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I had a great rant running through my head after dealing with a client who ignored directions by my tech team and found themselves with a real Black Friday -- or rather, a blackout Friday because their server couldn't handle the traffic. People fail miserably at things because they choose to ignore facts.
But then my rant started to unravel because I've seen them succeed brilliantly for the same reason. The trick is in what facts you ignore and which ones you pay attention to.
Unfortunately, it turns out that facts are contextual and truth is subjective.
Try comparing your airline ticket with your neighbor on a flight. You might justify that you bought your ticket on Priceline and they bought theirs on Orbitz, but honestly, one seat to the next has a whole slew of different "facts" attached to it.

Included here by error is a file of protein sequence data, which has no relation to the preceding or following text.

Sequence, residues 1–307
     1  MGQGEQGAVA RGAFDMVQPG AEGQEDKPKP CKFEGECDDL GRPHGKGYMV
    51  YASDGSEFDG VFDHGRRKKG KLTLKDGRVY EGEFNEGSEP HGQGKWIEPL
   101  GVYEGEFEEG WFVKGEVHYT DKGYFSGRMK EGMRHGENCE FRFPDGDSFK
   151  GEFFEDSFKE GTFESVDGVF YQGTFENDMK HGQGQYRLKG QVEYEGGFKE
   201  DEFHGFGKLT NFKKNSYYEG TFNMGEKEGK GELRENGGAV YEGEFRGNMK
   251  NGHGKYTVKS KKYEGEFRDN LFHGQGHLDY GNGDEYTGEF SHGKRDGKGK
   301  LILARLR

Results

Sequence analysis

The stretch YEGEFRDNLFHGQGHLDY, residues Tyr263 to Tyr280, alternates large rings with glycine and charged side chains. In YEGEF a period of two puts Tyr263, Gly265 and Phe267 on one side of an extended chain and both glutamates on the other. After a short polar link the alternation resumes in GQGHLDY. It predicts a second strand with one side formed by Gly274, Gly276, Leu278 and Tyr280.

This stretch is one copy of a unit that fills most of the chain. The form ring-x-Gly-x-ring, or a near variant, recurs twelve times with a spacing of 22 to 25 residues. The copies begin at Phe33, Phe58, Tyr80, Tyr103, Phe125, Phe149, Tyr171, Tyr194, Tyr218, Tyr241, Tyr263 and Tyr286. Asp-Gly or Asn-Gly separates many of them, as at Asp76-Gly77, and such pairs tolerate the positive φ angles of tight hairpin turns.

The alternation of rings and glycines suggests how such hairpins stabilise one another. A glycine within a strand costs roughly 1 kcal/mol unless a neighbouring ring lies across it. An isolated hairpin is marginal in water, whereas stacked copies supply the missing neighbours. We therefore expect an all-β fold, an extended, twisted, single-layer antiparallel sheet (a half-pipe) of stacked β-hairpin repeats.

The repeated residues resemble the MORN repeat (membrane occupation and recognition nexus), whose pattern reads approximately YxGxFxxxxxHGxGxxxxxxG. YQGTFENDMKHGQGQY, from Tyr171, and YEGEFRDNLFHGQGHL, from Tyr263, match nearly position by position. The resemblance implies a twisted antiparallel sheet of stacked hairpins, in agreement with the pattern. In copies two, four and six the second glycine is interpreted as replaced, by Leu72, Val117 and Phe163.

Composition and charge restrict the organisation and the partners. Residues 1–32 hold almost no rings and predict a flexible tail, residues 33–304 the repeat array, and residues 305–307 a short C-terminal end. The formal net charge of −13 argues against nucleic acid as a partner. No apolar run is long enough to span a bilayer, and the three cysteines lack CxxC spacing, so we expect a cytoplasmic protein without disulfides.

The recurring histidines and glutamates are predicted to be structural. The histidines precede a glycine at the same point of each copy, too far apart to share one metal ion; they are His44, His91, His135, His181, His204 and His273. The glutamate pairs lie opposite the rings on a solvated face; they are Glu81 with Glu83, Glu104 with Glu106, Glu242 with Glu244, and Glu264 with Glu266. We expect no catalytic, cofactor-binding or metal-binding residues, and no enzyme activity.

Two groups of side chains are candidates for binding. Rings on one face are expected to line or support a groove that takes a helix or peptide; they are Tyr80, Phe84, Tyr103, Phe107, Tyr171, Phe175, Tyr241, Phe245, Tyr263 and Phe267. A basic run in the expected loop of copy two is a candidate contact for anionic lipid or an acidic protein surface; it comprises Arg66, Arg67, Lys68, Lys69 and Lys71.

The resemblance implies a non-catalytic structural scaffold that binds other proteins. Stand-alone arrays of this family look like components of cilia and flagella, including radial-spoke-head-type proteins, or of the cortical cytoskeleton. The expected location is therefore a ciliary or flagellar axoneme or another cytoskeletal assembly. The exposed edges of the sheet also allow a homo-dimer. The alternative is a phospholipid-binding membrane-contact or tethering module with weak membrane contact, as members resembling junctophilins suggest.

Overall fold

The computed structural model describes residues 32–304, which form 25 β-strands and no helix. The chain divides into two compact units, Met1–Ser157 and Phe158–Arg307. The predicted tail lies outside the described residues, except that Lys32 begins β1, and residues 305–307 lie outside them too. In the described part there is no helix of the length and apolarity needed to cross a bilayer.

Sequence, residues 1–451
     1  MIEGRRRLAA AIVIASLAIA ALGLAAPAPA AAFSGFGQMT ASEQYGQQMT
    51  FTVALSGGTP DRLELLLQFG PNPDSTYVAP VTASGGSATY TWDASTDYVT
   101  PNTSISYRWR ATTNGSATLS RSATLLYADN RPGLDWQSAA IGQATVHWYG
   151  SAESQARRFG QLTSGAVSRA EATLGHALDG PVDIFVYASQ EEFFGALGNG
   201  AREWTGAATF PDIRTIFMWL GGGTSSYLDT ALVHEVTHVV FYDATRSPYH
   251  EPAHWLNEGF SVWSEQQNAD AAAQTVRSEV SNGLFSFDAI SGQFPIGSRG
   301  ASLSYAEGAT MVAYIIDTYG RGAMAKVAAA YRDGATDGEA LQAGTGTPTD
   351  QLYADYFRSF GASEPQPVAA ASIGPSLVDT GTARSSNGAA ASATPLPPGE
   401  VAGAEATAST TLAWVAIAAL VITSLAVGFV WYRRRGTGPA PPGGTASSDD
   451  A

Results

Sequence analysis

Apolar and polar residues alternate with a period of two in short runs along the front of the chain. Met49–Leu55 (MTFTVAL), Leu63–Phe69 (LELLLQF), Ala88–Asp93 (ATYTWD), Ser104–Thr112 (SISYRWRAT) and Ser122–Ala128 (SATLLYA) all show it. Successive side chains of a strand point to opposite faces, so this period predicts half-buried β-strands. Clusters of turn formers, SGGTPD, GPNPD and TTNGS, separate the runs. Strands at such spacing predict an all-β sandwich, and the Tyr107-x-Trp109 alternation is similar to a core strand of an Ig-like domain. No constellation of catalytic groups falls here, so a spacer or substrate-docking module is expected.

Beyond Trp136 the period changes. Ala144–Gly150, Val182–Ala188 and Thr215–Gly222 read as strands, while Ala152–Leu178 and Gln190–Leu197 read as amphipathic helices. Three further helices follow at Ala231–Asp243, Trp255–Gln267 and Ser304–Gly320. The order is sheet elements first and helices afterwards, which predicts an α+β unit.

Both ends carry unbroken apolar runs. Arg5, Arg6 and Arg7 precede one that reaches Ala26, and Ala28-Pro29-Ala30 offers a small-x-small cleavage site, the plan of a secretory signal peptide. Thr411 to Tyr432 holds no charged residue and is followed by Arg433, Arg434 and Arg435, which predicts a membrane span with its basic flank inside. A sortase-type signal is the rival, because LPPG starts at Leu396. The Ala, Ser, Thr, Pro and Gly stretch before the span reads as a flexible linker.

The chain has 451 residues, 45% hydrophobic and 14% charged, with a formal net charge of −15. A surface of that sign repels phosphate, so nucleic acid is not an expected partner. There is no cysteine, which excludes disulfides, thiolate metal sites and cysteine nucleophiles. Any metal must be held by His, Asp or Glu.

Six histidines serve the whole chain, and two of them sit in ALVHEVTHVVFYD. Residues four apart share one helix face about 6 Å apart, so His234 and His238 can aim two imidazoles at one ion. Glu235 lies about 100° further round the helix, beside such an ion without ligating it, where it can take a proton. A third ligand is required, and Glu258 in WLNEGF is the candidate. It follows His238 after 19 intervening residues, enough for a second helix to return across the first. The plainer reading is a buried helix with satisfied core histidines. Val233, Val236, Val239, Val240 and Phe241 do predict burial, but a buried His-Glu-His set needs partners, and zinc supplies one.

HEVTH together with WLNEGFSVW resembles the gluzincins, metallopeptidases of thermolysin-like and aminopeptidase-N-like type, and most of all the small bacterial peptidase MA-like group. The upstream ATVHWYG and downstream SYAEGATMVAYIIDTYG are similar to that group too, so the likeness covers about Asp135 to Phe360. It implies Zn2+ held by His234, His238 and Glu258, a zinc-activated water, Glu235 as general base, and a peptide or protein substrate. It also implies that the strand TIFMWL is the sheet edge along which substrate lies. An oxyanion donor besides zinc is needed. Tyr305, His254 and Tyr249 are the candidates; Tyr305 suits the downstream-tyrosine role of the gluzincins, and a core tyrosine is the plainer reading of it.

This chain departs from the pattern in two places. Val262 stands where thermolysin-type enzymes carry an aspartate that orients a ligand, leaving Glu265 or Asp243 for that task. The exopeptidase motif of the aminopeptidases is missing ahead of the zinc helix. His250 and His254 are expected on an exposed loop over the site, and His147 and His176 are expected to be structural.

Those arrival and departure times on your ticket are up for grabs, too. Weather in Texas might keep your flight in Florida from taking off at all. Or maybe they just didn't book enough people on that flight so you have to catch a different plane -- again, your seatmate may be going to exactly the same place as you, but that doesn't mean you're going to end up on the same plane or get home at the same time.
I find that I can manipulate the facts. If I dress professionally when I fly, I get taken better care of. They assume I'm going to come back and remember that they took care of me. Of course, what I remember is that if I dress better I get taken better care of, not that United did me a favor or Alaska got me a seat upgrade.
Then again, there are times that if I'm dressed too well, I get put in the, "Make him pay for it" bucket, and then it all goes upside down.
The trouble is that our world continues to get just a little more complicated all the time. And getting on a plane, or driving across town, or writing a rambling note about how complex the truth is getting as complex as the weather.
And we know how well assessing the facts tell us what the weather is going to do...
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